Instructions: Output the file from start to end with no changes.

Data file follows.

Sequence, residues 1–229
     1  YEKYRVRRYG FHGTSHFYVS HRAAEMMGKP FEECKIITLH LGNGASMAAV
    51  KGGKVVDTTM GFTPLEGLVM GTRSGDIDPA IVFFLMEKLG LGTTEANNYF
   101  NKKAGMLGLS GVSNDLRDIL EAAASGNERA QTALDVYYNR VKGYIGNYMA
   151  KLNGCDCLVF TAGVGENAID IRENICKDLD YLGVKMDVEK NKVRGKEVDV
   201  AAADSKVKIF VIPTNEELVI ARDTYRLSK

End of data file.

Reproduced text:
Sequence, residues 1–229
     1  YEKYRVRRYG FHGTSHFYVS HRAAEMMGKP FEECKIITLH LGNGASMAAV
    51  KGGKVVDTTM GFTPLEGLVM GTRSGDIDPA IVFFLMEKLG LGTTEANNYF
   101  NKKAGMLGLS GVSNDLRDIL EAAASGNERA QTALDVYYNR VKGYIGNYMA
   151  KLNGCDCLVF TAGVGENAID IRENICKDLD YLGVKMDVEK NKVRGKEVDV
   201  AAADSKVKIF VIPTNEELVI ARDTYRLSK